Friday, October 19, 2007

Biden Looks To Gain Ground On Richardson In Iowa

LOHRVILLE — Democratic presidential candidate Joe Biden, now making some incremental gains in the polls, Thursday spent more than two hours in Lohrville campaigning with 25 people in that Calhoun County town’s library.

Biden, a veteran politician from Delaware and the chairman of the Senate Foreign Relations Committee, sought to portray himself as a steady, experienced hand prepared to lead the nation in perilous times.

“A lot of us tell you what you want to hear, not what you need to know,” Biden said.

He urged people to consider experience in making their caucus decisions.

Calhoun County Democratic Party co-chair Faith Blaskovich, a teacher and long-time library advocate, said she is supporting Biden because he fits the true definition of a “statesman,” which she actually read from the dictionary in introducing Biden.

Blaskovich told Iowa Independent she thinks leading Democratic candidates are pandering to voters.

“That’s what I feel when I hear Hillary talk, when I hear Obama talk,” Blaskovich said, referenced U.S. Sen. Hillary Clinton, D-N.Y., and U.S. Sen. Barack Obama, D-Ill.

Biden showed a command of old-school Iowa campaign tactics, approaching people and putting his hands on their shoulders and looking intently at them as he answered questions. Biden even got down on bended knee to answer a question from a woman who said she was undecided and would base her vote on Iraq. Using a blank wall as a backdrop Biden at one point pantomimed the history and geography of Iraq and its neighbors.

With the latest Des Moines Register poll showing Biden at 5 percent, up from 3 percent, and New Mexico Gov. Bill Richardson falling from 10 percent to 8 percent in Iowa, a recent Biden campaign memo referenced Richardson twice. Clinton leads Iowa in that poll with 29 percent followed by former U.S. Sen. John Edwards, 23 percent, and Obama, 22 percent.

“All of them combined, including Richardson, do not have as much experience as me,” Biden said.

Biden mentioned Richardson several times Thursday in Lohrville, saying the New Mexican’s plan for troop withdrawal from Iraq was ill-conceived and unrealistic, and could leave Americans at risk in the exit strategy.

The Delaware senator also contended that he has deeper relationships with international leaders because of his years of foreign policy work in the Senate. Richardson, a former U.N. ambassador, frequently references his international credentials and claims they are superior to others in the Democratic field.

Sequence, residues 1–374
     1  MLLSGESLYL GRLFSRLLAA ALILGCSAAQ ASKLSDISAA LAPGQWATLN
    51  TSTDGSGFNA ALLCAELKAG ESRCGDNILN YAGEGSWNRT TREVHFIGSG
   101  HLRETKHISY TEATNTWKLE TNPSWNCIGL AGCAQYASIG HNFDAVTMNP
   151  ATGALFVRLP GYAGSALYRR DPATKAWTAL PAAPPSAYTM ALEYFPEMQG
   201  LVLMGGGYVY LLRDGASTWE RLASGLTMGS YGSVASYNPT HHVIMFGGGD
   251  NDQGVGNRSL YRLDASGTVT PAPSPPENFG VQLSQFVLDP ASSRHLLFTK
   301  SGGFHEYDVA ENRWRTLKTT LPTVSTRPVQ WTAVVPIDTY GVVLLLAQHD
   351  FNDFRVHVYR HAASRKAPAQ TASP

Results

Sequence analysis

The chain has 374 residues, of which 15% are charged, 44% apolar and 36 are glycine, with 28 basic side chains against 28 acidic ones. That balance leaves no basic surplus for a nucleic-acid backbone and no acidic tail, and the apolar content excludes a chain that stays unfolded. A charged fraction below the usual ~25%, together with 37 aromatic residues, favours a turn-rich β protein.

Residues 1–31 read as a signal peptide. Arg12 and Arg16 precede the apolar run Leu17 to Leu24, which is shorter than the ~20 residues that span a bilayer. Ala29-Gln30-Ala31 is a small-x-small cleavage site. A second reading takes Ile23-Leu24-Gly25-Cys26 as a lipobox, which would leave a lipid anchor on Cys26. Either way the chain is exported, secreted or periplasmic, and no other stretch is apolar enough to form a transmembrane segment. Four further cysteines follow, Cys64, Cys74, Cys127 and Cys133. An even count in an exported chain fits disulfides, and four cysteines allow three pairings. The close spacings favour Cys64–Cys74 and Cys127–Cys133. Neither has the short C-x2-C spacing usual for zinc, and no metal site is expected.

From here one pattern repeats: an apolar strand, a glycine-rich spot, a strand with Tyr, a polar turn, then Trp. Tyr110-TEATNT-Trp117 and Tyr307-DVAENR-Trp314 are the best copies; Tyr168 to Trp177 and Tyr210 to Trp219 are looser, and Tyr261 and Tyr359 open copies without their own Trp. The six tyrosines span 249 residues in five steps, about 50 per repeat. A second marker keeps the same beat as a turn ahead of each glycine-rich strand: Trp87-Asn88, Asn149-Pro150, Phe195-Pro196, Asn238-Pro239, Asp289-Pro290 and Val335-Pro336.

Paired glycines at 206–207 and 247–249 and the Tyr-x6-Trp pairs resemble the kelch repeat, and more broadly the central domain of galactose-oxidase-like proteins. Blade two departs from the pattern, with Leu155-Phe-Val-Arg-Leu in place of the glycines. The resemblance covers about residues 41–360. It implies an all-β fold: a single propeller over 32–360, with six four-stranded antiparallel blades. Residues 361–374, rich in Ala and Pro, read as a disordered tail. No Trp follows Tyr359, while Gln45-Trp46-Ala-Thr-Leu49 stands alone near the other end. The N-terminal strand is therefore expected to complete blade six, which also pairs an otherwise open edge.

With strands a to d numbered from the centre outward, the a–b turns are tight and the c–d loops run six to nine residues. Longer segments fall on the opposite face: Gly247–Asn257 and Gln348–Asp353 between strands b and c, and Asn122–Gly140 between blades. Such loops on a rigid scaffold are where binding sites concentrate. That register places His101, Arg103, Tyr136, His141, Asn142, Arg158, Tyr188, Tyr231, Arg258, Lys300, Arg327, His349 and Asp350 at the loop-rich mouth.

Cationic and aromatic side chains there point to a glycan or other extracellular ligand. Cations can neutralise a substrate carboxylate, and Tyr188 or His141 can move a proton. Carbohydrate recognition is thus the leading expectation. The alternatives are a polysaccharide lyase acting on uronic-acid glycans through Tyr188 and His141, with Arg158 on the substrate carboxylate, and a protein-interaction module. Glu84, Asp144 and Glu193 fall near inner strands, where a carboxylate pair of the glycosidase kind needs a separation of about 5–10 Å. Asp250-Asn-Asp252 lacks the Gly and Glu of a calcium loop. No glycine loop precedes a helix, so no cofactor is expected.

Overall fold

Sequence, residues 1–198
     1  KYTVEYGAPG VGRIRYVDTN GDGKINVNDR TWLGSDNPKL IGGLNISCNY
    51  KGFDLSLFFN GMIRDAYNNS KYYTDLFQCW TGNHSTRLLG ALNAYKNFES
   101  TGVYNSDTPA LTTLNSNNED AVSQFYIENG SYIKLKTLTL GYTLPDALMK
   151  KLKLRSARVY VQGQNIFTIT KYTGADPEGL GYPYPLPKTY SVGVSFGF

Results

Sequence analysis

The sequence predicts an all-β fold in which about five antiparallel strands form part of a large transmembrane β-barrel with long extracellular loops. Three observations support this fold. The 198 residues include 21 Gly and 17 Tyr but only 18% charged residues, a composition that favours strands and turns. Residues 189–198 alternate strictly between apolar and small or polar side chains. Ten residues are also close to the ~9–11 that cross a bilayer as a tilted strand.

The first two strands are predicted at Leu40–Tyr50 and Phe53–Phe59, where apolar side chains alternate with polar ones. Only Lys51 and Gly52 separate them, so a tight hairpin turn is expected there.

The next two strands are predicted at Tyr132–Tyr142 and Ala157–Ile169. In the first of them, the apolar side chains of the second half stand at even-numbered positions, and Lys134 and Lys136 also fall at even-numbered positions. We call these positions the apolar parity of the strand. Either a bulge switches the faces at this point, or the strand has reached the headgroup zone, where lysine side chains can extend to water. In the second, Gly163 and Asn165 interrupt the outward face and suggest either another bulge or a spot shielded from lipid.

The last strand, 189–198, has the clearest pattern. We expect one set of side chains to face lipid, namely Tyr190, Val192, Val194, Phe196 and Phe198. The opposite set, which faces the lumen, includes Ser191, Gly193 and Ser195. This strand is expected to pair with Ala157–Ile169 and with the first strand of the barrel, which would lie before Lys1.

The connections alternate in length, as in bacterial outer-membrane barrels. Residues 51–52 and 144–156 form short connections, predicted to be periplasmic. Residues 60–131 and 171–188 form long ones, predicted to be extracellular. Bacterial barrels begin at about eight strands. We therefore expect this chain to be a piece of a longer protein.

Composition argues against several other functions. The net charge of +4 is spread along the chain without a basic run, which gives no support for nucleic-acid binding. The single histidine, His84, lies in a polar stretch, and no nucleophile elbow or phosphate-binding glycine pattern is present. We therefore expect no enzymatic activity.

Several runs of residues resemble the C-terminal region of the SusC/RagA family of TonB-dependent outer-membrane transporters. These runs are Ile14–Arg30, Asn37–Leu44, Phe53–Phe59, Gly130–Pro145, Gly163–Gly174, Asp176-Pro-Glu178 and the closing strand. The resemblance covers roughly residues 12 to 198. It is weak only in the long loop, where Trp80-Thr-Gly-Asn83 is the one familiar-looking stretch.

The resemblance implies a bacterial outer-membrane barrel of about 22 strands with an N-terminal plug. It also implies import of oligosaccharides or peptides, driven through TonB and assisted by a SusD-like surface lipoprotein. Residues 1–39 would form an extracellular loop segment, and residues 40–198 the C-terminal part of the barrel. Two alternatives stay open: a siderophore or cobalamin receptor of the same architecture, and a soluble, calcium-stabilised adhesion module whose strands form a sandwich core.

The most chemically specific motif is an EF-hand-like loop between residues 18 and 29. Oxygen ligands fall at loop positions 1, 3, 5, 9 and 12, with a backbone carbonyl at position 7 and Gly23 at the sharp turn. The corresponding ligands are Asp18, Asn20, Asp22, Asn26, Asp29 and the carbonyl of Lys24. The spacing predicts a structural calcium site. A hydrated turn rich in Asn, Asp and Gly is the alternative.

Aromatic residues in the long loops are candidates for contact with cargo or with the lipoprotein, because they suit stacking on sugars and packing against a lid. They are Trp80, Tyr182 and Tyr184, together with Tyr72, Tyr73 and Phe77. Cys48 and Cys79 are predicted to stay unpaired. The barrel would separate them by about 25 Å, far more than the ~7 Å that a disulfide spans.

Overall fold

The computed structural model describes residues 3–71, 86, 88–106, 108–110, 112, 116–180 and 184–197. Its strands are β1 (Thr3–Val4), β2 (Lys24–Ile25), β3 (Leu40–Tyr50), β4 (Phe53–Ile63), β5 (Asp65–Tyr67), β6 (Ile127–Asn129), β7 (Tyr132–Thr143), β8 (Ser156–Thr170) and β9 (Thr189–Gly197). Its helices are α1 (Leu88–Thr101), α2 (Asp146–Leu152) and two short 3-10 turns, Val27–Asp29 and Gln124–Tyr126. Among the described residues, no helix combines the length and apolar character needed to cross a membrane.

When asked by Iowa Independent if the many references to Richardson specifically in his speech and answers to questions from the Calhoun County audience revealed a strategy for moving into the key fourth spot in the polls — a place from which he could pull an Iowa upset — Biden said he and Richardson simply have a “friendly competition.”

“I have liked him for years,” Biden said.

Biden challenged Democratic presidential front-runner Hillary Clinton’s vote on a non-binding measure sponsored by U.S. Sen. Joseph Lieberman, D-Conn., to designate Iran’s Revolutionary Guard as a terrorist organization, a move some senators, like Virginia’s Jim Webb, see as setting a pretext for another war.

“The president, I think, is hell-bent on going to war with Iran,” Biden said.
He said the resolution gives President Bush an opening for military action with Iran.
“What do you think that does for George Bush?” Biden said. “Look how he bastardized a resolution we gave him to stop a war.”

For his part, Biden was successful recently in getting a plan passed in the Senate 75 to 23 that, according to the Baltimore Sun, requires the United States to work to support the division of Iraq into three semi-autonomous regions, each governed locally by its dominant ethnic and religious factions, the Shiites, Sunnis, and Kurds.

The regions would have dominion over police protection, jobs, utilities and other municipal functions, supported by a weaker federal government in Baghdad. All three regions would share in the country’s oil revenues, The Sun reported.

Biden’s Lohrville stop came after a long day of campaigning in western and central Iowa. He had appearances in Storm Lake, Laurens, Cherokee and Sheldon as well.
In Lohrville, Biden spent his time almost exclusively on foreign policy and Iraq.

He did make some references to the economy, expressing concerns that China is graduating more engineers than the United States and blasted Bush economics for creating more disparity in the income classes. Biden said the top 1 percent of income earners in the United States made 22 percent of the money last year.

“This economy is out of kilter,” Biden said. “The middle class is getting slaughtered.”

No comments: